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Archive for the month “September, 2013”

Testing MVC View Names with [CallerMemberName]

We’ve all written ASP.NET MVC controller actions that simply return a view. They tend to look just like this:

public ActionResult Index()
return View(); }

It’s also fairly common to test those actions to ensure that the proper view is being returned:

public void Should_Return_Index_View(HomeController sut)
actionResult = sut.Index();
var viewResult = actionResult as ViewResult

.Equal("Index", viewResult.ViewName); }

If you’ve tried this before you know that the above test will fail. Why? Because viewResult.ViewName actually has a value of string.Empty, not Index. MVC doesn’t mind this, because if a view’s name is empty, it simply defaults to use the value of {action} from the route data collection. That unfortunately makes it difficult to ensure the proper view is being returned in tests.

We could re-work our action method to explicitly specify the name of the view returned (return View(“Index”)), but I really like the simplicity of having a default convention for view names. Instead I’ve been leveraging C# 5.0’s new caller information attributes to retain the simplicity of the convention, but still have the view name explicitly set for testing purposes.

To do this I’ve added the following two methods to the base controller that all of my project’s controllers inherit from:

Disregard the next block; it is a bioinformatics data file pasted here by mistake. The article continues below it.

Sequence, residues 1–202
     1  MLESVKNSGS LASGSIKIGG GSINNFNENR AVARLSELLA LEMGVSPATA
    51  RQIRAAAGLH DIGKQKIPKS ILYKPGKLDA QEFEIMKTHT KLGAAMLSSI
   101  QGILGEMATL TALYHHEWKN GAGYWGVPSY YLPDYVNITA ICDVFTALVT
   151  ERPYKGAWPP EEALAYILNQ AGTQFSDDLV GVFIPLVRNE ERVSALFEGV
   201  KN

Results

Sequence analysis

public new ActionResult View([CallerMemberName] string actionMethod = null)
return base
.View(actionMethod); } public ActionResult View(object model, [CallerMemberName] string actionMethod = null) {
return base.View(actionMethod, model); }

Now, when I re-execute the test, it passes. That’s because the actionMethod parameter is automatically set by the compiler to be the name of the calling method, which in this case is Index. I can still pass in an overriding view name whenever I want, and the compiler will just get out of the way. Nifty!

NOTE: I will point out that you may want to consider if you even need to test the name of a ViewResult to begin with. Assuming you do though, I find this technique to be much cleaner than trying to mock out a whole request just to see what the {action} is.


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